David had discovered a new railroad track a year or so earlier. It didn't run anywhere useful, so he had drawn up a plan to plunder it for metal and build more hoverpaths in and around the valley. Shay had been working on the project since she'd come to the Smoke ten days before.

Six of them took their boards up and out the other side of the valley, down a stream churning with white water, and along a razor-sharp ridge filled with iron ore. From there, Tally finally understood how far up the mountain she'd come since leaving the coast. The whole continent seemed to be spread out before them. A thin bank of clouds below the ridge mirrored the heavier layer overhead, but forests, grasslands, and the shimmering arcs of rivers were visible through the misty veil. The sea of white orchids could still be glimpsed from this side of the mountain, glowing like an encroaching desert in the sun.

"Everything's so big," Tally murmured.

"That's what you can never tell from inside," Shay said. "How small the city is. How small they have to make everyone to keep them trapped there."

Tally nodded, but she imagined all those people let loose in the countryside below, cutting down trees and killing things for food, crashing across the landscape like some risen Rusty machine.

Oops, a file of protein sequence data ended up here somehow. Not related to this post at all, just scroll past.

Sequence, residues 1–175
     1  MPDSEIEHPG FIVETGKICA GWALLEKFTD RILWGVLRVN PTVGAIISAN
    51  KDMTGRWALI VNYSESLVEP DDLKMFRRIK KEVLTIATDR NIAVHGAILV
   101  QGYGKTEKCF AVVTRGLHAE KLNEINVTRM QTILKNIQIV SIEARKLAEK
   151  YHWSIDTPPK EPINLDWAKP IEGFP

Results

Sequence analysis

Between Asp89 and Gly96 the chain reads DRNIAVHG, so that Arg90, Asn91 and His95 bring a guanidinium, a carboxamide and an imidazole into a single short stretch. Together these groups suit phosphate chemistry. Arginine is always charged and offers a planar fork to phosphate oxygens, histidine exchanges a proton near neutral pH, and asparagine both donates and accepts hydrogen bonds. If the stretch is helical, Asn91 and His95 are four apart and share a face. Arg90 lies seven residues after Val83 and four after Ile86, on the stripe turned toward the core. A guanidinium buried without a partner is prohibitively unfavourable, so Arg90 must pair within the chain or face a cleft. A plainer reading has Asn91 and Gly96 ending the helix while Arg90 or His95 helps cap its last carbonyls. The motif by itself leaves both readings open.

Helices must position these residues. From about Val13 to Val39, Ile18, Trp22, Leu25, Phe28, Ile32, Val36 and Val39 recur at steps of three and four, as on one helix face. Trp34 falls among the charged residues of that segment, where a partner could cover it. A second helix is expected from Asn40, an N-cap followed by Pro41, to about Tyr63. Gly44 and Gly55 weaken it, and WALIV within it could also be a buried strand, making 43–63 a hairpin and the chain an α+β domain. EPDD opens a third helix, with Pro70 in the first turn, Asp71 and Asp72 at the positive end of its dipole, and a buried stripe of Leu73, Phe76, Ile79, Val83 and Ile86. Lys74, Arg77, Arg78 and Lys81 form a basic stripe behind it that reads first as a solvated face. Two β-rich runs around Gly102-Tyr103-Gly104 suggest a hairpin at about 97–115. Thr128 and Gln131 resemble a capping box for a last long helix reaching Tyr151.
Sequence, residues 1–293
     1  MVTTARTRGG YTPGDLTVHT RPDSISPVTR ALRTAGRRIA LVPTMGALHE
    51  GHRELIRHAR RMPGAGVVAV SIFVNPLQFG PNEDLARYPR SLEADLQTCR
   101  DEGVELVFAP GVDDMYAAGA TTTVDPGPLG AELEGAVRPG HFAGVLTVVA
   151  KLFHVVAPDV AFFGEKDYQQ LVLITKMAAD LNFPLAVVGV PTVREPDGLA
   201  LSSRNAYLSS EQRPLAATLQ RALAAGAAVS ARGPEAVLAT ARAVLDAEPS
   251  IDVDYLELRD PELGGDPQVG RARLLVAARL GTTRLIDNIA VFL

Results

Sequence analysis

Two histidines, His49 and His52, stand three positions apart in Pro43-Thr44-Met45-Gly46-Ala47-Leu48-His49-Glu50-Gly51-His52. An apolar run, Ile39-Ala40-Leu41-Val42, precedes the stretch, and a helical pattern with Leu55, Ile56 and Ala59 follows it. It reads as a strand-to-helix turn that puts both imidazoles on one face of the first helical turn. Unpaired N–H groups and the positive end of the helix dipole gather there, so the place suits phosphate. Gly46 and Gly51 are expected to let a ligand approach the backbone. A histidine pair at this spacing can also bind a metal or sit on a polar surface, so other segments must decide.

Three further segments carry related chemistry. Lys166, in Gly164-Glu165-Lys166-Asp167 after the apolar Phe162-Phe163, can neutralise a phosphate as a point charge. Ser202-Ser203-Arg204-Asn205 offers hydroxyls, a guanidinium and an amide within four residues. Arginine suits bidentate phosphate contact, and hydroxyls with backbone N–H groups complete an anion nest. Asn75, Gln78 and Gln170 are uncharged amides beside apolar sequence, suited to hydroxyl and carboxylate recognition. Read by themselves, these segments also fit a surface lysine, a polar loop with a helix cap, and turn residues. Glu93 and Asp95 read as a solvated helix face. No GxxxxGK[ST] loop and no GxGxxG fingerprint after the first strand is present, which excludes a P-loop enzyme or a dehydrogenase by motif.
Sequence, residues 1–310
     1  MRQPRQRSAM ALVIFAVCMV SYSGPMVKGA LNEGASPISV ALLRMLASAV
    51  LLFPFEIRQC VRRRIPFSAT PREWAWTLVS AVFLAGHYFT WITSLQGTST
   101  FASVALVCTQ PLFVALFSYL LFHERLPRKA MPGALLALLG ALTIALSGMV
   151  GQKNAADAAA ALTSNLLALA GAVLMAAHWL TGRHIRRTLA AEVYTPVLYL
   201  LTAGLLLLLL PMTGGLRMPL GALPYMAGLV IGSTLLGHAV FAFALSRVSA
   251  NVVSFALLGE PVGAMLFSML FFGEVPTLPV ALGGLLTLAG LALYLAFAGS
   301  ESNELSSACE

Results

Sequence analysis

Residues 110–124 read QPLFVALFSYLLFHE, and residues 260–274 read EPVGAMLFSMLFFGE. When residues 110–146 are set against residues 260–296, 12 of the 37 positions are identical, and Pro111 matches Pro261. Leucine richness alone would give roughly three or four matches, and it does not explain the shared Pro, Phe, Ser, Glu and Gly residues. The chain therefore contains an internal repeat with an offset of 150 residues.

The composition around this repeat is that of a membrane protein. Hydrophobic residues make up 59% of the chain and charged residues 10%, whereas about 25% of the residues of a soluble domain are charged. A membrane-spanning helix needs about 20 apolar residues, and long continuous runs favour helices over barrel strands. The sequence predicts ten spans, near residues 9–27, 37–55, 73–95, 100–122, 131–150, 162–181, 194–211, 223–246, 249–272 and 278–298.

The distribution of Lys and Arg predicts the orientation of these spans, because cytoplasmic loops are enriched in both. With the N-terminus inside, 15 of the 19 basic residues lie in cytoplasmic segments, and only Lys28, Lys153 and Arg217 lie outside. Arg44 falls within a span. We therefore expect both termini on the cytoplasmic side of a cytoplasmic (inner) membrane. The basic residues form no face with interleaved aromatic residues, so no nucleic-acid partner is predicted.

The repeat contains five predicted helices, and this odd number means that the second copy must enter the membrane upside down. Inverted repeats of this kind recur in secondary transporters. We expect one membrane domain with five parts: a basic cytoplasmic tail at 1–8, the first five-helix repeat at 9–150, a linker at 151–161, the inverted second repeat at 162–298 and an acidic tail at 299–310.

Still, she wouldn't have traded anything for this moment, standing there and looking down at the plains spread out below. Tally had spent the last four years staring at the skyline of New Pretty Town, thinking it was the most beautiful sight in the world, but she didn't think so anymore.

Lower down and halfway around the mountain, another river crossed David's railroad track. The route there from the Smoke twisted in all directions, taking advantage of veins of iron, rivers, and dry creek beds, but they'd never had to leave their boards. Walking wouldn't be an option, Shay explained, when they came back loaded with heavy metal.

The track was overgrown with vines and stunted trees, every wooden cross-tie in the grip of a dozen tentacles of vegetation. The forest had been hacked away in patches surrounding a few missing segments of rail, but it held the rest firmly in its grasp.